Around 10,000 years ago, water broke through a stack of rocks on the Jurassic Coast and started to create one of the most stunning formations in the UK. Now, Durdle Door is a spectacular archway that frames the crystal clear waters beyond it. The rock formation is best paired with a visit to nearby Lulworth Cove. Just a 30-minute stroll on the coastal path brings you to a sheltered white pebble beach that is almost perfectly circular, offering a haven of relaxation as you watch the boats bobbing in the emerald water. The car park can get full at peak times – cycle or arrive early to get a space during the summer months.
3. Porthcurno Beach, Cornwall
Best for Beautiful barefoot walks along soft white sand by a turquoise sea.
Small but perfectly formed, this little turquoise bay is the stuff that dreams are made of. At least that’s what the ’Poldark’ location scouts thought: they used this beautiful beach on the western foot of Cornwall as the location for a dream sequence in series two. But it’s not just actors that like to hang out here: dolphins and basking sharks are sometimes spotted in the calm waters, too. The soft, white-shell sand and freshwater stream also makes this a popular beach with families. There’s a dog ban from Easter to October 1.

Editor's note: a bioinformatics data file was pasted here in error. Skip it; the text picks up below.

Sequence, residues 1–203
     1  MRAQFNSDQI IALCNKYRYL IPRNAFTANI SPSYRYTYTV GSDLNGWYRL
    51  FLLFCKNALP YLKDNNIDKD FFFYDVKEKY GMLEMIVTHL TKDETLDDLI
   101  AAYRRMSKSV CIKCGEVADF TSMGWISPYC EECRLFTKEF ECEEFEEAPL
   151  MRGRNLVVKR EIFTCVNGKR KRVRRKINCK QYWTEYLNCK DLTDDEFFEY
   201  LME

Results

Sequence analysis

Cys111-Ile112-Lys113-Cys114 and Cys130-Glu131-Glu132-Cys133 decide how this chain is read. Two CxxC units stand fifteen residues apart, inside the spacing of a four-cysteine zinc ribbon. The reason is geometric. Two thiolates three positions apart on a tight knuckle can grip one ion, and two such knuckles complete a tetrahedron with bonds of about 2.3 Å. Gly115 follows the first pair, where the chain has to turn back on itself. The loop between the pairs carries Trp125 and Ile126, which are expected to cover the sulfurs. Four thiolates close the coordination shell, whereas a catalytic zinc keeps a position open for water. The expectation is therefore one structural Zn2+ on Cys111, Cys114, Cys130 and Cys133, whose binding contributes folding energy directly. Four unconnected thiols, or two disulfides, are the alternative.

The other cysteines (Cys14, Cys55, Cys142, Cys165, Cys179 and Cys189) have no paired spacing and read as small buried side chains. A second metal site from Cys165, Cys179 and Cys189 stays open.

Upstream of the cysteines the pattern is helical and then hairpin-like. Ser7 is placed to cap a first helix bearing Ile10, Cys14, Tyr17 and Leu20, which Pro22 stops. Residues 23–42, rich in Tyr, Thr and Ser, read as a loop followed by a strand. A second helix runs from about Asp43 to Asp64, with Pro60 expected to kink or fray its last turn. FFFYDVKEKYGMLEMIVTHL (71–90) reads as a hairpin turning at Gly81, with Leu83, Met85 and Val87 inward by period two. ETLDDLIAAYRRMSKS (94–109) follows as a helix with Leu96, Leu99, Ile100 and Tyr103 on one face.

4. Holkham Beach, Norfolk
Best for Channelling your inner Gwyneth Paltrow and re-enacting the beach scene from ‘Shakespeare in Love’.
Easily one of the best-looking beaches in the UK, Holkham would be flooded with visitors if it were just that little bit closer to London. The beach – which makes you feel a million miles from civilisation – has deservedly starred in many a film and pop video, including All Saints’ ‘Pure Shores’. An enormous sandy stretch is backed by a verdant nature reserve with a warren of well-signposted walking trails within it.Trek through the pinewoods and saltmarshes to see orchids, sea lavender and rare birds.
5. Summerleaze, Cornwall
Best for A good ol’ bucket and spade day beside a rainbow lineup of beach huts.
One of Bude’s best-loved beaches, Summerleaze is the embodiment of the classic British seafront. At low tide a paddling pool emerges, as does an expanse of golden sand for walks along the coast. Dogs must stay on a lead from 10am to 6pm.
6. Tankerton Beach, Kent
Best for Sunny picnics on the grass overlooking the sea.
Rolling grassy slopes, a long promenade, pretty beach huts, and of course, the sea: Tankerton Beach has the perfect combo.Between May 1 and September 30, it’s a dog-free zone.